What they’re saying: “Given the [county’s] existing $6 million deficit [and] the projected long-term deficit ... I don't think it's particularly a financially responsible decision to make to fund these programs, but I think it's a matter of life or death,” Harris County Judge Lina Hidalgo said.
The details: The $7.4 million package—to be funded by the county’s general fund and American Rescue Plan Act money—was approved unanimously by the court and will pay for:
- $2,000 retention incentives for all detention officers at a total cost of about $3 million;
- The purchase of new body cameras, which will include a panic button, to be worn by detention officers;
- The creation of new leadership positions for the jail, such as jail population specialists and a director of health care quality assurance; and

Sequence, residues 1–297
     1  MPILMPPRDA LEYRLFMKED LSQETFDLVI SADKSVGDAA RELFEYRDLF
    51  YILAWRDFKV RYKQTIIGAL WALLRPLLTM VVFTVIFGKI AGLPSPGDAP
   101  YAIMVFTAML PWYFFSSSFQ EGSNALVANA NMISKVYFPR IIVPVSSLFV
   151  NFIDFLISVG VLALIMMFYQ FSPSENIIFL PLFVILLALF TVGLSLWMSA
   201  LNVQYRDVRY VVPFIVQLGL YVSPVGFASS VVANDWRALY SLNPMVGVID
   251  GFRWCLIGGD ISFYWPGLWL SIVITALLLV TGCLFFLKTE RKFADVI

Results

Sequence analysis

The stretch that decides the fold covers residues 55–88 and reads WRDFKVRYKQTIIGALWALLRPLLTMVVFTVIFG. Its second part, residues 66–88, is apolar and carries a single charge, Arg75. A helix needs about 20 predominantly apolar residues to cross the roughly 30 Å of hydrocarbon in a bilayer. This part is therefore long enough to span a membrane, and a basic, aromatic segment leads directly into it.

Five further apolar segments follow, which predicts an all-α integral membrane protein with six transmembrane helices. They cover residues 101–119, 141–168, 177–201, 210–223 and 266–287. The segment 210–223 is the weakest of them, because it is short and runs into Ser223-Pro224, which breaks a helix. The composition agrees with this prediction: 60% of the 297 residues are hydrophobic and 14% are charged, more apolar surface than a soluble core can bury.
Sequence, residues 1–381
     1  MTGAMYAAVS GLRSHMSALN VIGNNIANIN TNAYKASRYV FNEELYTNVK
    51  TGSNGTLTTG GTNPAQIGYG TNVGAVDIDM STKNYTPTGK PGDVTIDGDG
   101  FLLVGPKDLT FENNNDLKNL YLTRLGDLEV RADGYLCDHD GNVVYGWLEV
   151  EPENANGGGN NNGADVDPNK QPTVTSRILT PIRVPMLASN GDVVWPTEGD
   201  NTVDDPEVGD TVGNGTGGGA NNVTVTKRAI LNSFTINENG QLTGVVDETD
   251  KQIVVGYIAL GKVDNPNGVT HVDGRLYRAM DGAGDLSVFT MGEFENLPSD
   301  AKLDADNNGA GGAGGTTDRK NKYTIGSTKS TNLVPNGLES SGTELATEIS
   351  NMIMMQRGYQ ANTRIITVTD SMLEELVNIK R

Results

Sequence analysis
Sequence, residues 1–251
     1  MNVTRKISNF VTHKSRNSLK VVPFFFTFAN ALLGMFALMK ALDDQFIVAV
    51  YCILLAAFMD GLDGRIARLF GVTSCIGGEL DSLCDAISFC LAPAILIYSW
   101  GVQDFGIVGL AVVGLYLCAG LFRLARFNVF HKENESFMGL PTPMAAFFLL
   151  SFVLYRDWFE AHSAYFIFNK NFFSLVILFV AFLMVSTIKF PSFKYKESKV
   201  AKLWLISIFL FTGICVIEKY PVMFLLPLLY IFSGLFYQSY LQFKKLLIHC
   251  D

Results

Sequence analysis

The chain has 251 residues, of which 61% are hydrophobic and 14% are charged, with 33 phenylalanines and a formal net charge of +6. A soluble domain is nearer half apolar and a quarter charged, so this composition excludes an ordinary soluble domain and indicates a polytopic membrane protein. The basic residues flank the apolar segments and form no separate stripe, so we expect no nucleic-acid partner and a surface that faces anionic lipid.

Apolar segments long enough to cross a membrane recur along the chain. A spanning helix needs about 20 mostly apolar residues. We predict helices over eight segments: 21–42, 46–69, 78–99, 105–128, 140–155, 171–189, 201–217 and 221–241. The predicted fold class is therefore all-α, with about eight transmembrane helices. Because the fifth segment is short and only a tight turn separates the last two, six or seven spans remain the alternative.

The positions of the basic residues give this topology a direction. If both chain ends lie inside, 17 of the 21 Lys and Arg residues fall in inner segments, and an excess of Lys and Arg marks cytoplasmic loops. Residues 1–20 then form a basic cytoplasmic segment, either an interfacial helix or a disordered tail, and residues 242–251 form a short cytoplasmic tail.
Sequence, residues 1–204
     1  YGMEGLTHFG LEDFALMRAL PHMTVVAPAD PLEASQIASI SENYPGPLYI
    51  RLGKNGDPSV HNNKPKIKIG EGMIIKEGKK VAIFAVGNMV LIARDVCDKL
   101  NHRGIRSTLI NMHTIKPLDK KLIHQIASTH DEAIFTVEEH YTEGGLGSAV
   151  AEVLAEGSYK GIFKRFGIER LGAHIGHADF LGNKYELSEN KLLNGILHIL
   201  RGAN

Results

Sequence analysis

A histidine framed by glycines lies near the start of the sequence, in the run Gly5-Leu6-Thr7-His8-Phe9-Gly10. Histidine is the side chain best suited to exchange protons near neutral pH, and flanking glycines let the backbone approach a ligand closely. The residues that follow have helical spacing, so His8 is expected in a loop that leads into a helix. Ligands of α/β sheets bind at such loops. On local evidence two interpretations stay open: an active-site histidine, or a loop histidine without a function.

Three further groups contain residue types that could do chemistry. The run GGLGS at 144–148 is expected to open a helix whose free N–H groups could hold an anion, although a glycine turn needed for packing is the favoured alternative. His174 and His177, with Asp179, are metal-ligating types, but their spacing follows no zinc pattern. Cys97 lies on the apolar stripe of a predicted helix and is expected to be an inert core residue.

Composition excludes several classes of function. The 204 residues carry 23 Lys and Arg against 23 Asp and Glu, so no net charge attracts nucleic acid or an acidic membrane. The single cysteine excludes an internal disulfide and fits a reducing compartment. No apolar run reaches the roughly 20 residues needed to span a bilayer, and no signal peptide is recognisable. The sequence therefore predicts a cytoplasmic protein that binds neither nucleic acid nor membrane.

- The hiring of a third-party expert to improve retention efforts for the Harris County Sheriff’s Office.
The backstory: The county’s jail is experiencing issues retaining staff. According to a March 14 presentation from Gonzalez:
- One-third of the county’s detention staff leave their jobs annually;
- 150 detention officer positions are currently unfilled and 100 sheriff’s office deputy positions assigned to the jail are vacant; and
- $19.75 per hour is the current rate being paid to Harris County detention officers.
The full story: Harris County’s jail has been found out of compliance by the Texas Commission on Jail Standards for 14 out of the last 20 years, Gonzalez said. Twenty-seven inmate deaths were reported in 2022.
The future: On March 14, commissioners also heard a presentation from Harris County Public Health on needs at the jail, such as:
- Expanded virtual care for cardiology and neurology, which will be implemented this month;
- Adding a mobile computed tomography scan unit, which is to be implemented this fall;
- New facilities such as a medical unit—which would include almost 200 patient beds—a central clinic and a dental clinic, which will be considered in the fiscal year 2024 budget cycle; and
- Funding for more medical officers and additional substance use help, which will be considered in the FY 2024 budget cycle.